4 Things You Should Know About Brexit and Mortgage Rates
So you're an American — why should you worry about England leaving the European Union? Here are a couple of reasons why this is important information to consider. Depending on whom you talk to, some experts say that this decision will have a long-term effect on the economy while others say that the effects will be more short term. Either way, the effects are worth watching.
Home Mortgage Rates Will Fall
Home mortgage rates tend to follow the same trends that the U.S. Treasuries do. Mortgage rates are also heavily influenced by the yield on 10-year Treasury notes, and investors have turned to these to leave behind instability in other foreign stock markets. So, in the wake of Brexit, the Treasuries fell. In turn, home mortgage rates also took a dive.
As rates fall considerably, this will make it easier for homebuyers to finance their home purchases. This will make the housing market more robust than we've seen in years.
Investors Can Influence Mortgage Rates
Investors, both international and domestic, can have a drastic effect on mortgage rates. Because they invest, they influence the mortgage-backed security market, which in turn influences mortgage rates. Since mortgage securities are arguably among the most stable investment markets, they attract buyers when economies and markets abroad are a bit shaky and unpredictable.
Mortgage rates are also heavily influenced by the yield on 10-year Treasury notes, and investors have flocked to them to escape turbulence in foreign markets. Many facets work together to drive down these home mortgage interest rates to historic lows.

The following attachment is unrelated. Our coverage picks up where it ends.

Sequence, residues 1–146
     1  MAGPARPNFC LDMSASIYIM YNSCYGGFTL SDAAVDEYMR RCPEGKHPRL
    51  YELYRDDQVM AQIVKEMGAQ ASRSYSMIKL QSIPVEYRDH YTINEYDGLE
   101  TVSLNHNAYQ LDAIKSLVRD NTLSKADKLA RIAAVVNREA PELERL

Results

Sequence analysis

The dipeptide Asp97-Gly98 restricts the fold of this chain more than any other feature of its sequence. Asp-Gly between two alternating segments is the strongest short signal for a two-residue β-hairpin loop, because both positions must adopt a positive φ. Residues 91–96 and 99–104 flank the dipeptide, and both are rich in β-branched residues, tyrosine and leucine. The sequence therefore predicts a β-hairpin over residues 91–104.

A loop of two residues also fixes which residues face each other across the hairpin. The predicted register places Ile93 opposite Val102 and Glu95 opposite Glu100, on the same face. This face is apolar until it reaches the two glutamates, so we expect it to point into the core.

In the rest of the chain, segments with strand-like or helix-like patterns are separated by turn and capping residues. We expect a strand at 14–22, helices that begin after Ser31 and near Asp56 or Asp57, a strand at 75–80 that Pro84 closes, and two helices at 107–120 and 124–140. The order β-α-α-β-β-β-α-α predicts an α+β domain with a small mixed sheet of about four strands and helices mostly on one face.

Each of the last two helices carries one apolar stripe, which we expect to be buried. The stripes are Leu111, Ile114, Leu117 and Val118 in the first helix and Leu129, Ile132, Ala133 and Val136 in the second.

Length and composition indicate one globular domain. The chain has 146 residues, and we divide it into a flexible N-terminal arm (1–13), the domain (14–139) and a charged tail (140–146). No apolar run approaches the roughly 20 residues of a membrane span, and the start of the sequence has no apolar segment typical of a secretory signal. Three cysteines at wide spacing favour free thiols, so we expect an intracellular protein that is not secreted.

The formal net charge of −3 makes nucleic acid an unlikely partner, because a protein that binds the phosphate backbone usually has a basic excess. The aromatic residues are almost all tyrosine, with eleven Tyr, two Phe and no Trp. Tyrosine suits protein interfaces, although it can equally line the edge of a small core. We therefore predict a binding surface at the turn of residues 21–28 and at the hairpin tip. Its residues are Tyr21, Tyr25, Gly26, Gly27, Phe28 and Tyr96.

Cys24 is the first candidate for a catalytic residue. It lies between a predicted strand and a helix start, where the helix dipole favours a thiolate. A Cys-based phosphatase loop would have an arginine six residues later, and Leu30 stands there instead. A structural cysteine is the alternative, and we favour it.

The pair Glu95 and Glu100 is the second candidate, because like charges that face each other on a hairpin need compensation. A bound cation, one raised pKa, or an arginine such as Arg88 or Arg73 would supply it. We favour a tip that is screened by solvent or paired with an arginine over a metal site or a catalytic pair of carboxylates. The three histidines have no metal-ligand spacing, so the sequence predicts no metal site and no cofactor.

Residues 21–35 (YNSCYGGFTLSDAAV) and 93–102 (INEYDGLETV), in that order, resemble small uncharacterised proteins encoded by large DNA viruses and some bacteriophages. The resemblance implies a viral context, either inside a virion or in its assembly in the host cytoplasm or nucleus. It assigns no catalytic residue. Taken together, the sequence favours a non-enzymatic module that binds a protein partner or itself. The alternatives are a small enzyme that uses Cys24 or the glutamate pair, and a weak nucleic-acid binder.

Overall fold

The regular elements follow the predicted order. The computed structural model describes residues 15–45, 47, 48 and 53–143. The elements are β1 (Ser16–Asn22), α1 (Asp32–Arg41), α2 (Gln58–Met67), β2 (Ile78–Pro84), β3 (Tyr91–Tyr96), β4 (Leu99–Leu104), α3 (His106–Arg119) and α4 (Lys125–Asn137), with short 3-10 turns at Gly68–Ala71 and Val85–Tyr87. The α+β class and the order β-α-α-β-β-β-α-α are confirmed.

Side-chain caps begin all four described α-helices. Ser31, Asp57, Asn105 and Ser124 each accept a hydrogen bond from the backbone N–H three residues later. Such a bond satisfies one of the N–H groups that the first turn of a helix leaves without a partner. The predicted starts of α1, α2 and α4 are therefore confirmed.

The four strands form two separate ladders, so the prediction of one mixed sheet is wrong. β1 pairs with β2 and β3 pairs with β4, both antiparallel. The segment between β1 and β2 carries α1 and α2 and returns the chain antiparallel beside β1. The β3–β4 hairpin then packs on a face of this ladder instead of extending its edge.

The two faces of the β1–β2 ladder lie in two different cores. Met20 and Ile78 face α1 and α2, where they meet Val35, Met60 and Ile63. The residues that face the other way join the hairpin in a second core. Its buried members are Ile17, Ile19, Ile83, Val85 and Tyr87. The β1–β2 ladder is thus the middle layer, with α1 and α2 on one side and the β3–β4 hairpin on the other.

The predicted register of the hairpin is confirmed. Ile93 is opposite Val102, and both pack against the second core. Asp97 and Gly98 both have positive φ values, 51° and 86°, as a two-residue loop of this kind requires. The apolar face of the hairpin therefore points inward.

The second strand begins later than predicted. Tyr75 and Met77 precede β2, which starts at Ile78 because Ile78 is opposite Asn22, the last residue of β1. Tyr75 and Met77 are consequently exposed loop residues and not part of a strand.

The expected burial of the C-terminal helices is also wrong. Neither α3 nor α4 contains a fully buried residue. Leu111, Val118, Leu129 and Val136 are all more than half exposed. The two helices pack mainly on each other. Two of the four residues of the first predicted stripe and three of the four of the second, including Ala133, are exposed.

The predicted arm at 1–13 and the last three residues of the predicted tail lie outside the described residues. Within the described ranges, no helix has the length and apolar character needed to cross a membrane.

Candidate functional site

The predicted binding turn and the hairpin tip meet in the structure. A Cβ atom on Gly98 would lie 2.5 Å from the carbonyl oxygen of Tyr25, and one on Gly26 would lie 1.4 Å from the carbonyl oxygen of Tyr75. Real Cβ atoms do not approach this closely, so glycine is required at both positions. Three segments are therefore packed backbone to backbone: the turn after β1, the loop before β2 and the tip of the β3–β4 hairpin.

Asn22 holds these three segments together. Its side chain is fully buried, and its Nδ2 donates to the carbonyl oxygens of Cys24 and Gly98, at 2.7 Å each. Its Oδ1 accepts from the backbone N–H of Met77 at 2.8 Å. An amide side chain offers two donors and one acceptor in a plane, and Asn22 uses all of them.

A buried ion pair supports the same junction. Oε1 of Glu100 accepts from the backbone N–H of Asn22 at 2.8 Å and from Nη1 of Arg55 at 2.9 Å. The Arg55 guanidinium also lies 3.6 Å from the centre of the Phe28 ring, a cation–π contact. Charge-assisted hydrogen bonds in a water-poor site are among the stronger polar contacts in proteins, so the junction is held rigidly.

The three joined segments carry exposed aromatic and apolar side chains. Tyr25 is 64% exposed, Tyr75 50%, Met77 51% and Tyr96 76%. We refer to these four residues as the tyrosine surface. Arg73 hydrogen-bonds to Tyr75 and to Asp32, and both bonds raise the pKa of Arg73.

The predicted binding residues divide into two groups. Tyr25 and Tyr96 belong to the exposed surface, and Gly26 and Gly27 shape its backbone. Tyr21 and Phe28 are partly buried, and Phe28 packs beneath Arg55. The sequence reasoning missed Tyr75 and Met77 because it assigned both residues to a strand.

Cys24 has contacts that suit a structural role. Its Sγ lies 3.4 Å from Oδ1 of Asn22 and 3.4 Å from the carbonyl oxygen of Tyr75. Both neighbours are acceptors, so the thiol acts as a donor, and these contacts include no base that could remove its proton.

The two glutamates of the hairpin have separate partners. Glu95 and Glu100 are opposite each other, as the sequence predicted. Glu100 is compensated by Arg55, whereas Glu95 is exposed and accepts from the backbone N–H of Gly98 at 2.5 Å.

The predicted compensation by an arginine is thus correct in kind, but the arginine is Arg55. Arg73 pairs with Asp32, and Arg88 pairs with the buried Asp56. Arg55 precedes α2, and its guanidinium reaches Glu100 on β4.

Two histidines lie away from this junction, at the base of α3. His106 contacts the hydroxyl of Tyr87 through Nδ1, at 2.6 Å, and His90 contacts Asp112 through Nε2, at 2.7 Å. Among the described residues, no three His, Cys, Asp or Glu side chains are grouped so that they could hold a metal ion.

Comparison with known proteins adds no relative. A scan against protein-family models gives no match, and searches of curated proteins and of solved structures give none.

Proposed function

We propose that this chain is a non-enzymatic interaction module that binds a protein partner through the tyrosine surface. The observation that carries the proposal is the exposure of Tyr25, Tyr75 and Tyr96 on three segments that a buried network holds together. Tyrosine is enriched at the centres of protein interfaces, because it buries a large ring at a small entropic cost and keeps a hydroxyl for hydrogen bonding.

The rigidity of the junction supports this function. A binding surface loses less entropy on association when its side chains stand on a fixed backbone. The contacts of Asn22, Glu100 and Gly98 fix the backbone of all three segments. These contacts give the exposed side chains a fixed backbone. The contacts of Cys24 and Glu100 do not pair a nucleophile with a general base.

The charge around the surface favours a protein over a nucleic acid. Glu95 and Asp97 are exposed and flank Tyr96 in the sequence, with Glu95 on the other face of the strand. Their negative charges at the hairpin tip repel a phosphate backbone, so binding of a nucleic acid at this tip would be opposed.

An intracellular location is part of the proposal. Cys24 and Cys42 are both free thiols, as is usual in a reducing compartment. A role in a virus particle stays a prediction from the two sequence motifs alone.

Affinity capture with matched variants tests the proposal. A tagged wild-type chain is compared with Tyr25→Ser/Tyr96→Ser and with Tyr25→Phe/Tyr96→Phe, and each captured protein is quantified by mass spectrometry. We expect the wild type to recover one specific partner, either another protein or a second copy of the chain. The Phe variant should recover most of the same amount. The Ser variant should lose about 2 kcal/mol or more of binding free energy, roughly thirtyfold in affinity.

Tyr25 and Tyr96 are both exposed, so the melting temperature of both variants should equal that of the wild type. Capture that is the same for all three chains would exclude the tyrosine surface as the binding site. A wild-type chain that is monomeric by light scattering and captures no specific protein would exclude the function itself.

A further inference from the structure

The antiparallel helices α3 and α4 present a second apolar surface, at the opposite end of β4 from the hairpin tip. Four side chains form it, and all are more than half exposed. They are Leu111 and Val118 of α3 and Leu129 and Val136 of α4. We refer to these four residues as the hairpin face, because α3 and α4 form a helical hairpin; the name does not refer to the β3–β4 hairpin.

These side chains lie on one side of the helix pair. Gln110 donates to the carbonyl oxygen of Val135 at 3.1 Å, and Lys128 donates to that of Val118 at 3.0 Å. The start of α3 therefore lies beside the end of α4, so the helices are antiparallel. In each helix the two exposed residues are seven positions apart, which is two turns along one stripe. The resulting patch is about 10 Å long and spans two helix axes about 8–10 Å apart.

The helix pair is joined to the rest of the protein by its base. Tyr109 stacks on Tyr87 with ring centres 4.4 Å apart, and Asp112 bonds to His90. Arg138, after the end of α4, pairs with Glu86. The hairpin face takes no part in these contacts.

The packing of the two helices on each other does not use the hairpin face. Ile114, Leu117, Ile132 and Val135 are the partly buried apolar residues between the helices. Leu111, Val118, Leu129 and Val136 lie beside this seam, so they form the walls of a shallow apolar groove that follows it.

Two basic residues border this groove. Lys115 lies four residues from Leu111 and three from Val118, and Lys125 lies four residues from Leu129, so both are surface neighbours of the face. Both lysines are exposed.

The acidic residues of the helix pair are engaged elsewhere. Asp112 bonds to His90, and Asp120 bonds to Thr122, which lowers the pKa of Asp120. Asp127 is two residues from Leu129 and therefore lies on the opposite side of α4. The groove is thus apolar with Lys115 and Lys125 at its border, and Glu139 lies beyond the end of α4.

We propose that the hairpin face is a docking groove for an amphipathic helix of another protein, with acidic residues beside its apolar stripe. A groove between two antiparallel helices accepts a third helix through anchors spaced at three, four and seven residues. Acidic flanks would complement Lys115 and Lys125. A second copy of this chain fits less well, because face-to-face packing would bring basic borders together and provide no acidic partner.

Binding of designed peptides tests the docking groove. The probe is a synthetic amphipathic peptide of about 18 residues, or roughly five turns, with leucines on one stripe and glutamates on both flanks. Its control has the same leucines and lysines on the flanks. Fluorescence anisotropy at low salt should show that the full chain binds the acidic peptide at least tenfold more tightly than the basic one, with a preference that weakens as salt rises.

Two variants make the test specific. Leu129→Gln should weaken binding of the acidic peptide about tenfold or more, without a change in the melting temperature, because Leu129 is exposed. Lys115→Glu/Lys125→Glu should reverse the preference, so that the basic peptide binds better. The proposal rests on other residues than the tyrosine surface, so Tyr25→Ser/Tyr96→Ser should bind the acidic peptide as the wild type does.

The Price of Your Home Could Appreciate
With falling mortgage rates in the wake of Brexit and the U.S. economy doing the best it's done in years, this could lead to more demand for American real estate, especially in major city hubs.
Because investors may be looking to leave the London housing market behind in the wake of Brexit, the demand for U.S. properties may grow and consequently drive up the price of your real estate, especially smaller properties such as apartments and condos. So, if you're looking to sell, now may be the ideal time.
Any Fed Rate Hikes Are Definitely Out of the Question
In the wake of interest rates plummeting to historic lows, Americans are wondering whether the Fed will conduct similar rate hikes as those seen in December 2015. However, with the results happening from the Brexit event, it is very likely that interest rates will continue to stay consistent and low.
The Fed does not have any immediate plans to raise the rates — at least for the rest of 2016, which is good news for buyers and investors looking for new real estate properties. But as with any economic situation, the status quo can change quickly, so keep an eye open for developments.